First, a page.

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Wot I Think: Fallout 76

Big Mike is doing business

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Poor old Fallout 76. In the weeks since its release, reviewers have piled on it like a pack of football hooligans who’ve just seen the opposing side’s mascot waddle desperately past their pub. By the time I picked it up, it felt unsporting – cruel, even – to run in and deliver a sharp kick to a man already dying inside a foam owl costume.

But mercy should be reserved for those who ask for it – and Fallout 76 does not. This game isn’t a noble vision gone awry, or a gleefully reckless creative overstretch – it’s a stolid failure to innovate, resting imperiously on the laurels of a 20-year-old RPG. This crunched-up mascot has beckoned me to street level with a mauled finger, put my ear to its blood-dampened beak, and called me a wanker. And so, alas, the kicking must begin.

But before the first savage whoomph of leather on foam, a quick idea of what the game’s about. It’s set in an alternate timeline, where the culture and aesthetics of 1950s Americana have persisted right up to a cataclysmic nuclear war in 2077. You and a group of other survivors have been huddled in the underground shelter of Vault 76 for a quarter of a century, enjoying jaunty propaganda films and shredding on acoustic guitars. Now, however, it’s Reclamation Day, and you’re all being kicked out into the wilderness of Appalachia with a mandate to rebuild America.

You never really get to do much rebuilding, though. As soon as you set out, you’re sent on the trail of the vault overseer, who left ahead of you and discovered grim business afoot in Appalachia. Swarms of diseased rage-lads have wiped out all pockets of decent civilisation, leaving only robots and ghouls, and so you’re swiftly commandeered (by… yourself, I suppose? You never meet the overseer, so you’re essentially being ordered around by audio logs) to deal with the situation.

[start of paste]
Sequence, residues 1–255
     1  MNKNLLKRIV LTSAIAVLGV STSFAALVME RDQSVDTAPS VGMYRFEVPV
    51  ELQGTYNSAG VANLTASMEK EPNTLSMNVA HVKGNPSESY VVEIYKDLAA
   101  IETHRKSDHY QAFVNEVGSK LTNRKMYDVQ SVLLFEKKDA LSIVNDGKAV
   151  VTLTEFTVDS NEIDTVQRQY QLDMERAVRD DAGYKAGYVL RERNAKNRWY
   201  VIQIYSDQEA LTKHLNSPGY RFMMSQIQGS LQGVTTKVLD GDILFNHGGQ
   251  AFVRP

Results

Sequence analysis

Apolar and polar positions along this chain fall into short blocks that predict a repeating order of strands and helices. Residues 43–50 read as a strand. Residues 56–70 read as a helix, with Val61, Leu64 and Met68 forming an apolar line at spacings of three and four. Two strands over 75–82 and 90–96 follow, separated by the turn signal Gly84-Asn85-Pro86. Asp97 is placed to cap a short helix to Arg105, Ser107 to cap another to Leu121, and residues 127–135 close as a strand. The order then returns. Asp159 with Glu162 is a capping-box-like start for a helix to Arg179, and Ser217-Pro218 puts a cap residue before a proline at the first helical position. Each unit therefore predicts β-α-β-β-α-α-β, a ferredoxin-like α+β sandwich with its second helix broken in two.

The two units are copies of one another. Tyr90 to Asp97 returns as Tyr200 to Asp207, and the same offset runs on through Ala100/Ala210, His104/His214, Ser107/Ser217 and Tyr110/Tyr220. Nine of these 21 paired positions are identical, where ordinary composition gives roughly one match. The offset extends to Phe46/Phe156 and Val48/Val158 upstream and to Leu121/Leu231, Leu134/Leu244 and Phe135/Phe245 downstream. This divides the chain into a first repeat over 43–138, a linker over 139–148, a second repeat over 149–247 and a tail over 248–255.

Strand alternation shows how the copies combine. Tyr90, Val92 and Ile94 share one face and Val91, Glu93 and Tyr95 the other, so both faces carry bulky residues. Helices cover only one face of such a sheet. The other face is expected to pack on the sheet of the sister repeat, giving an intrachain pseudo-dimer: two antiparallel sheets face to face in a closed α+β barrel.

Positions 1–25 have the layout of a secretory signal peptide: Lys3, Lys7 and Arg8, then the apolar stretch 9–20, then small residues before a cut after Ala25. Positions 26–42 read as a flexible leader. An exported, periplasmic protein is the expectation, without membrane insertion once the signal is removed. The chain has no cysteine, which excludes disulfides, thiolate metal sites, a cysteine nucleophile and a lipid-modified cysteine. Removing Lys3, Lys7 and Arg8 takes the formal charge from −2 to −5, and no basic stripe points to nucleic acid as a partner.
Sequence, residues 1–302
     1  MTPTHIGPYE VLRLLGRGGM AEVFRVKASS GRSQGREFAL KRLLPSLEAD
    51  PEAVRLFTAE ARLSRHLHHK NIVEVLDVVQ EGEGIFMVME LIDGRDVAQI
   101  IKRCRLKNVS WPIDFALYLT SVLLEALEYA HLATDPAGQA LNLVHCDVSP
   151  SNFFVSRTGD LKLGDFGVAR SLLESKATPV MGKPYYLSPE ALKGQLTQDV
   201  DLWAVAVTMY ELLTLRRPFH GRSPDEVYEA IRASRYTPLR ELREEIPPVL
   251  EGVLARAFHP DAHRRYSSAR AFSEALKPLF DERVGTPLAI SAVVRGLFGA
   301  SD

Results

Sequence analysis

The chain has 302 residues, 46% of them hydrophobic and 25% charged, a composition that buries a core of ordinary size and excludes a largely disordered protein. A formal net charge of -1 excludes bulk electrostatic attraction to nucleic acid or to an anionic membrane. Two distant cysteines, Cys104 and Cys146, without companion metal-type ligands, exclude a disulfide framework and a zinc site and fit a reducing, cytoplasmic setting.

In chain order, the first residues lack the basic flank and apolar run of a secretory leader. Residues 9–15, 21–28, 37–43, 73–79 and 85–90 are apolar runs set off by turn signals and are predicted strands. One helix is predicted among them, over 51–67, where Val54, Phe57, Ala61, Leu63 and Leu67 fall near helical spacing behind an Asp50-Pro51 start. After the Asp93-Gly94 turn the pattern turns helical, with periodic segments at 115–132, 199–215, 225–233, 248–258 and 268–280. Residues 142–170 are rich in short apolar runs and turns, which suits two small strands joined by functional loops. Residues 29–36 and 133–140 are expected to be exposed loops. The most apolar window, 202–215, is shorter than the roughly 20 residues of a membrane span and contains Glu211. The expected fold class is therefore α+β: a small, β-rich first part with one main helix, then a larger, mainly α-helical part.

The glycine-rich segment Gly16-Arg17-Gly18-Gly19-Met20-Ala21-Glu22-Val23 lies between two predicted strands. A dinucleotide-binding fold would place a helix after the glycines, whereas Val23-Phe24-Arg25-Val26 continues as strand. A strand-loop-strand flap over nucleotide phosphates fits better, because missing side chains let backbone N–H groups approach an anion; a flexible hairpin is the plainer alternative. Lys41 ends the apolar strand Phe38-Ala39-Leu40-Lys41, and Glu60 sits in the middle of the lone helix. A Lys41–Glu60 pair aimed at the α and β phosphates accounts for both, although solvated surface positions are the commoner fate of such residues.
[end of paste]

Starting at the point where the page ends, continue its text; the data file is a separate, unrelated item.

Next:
This involves travelling around a vast open map, sweeping the brutes from key areas, then looting them for better kit while listening to your latest audio log marching orders. The plot ropes in various factions and characters, but they’re all long-dead.

I’m pretty sure the denouement involves massive bats, but I can’t be sure: I couldn’t muster the patience to reach it, due to the sheer frustration and boredom involved. In talking to players who have gotten there, I’m satisfied that I didn’t miss much by taking an early bath. Whatever lurks at the end of Fallout 76’s muddily-textured rainbow, there’s no way it’s transcendentally brilliant enough to justify the dour monotony of the mid-game.

I had set off determined to make the most of things, in defiance of expectations. It was fun generating a sort of emaciated, red-nosed Stalin-alike called Big Mike Lunchtime, and the moment when he left the vault and took his first digital lungful of Appalachian air was a real thrill. I could hear the wind rippling through the autumnal woodland spread out before me, and the land seemed to thrum with the promise of freedom. Sure, the landscape looked a little rough around the edges compared with, say, Horizon Zero Dawn or the Cowboy Game, but the lighting was gorgeous, and Appalachia felt like the epitome of the American wasteland. I spent a good while just poring over the subtleties of the environment, and taking silly shots of Big Mike using the game’s excellent photo mode.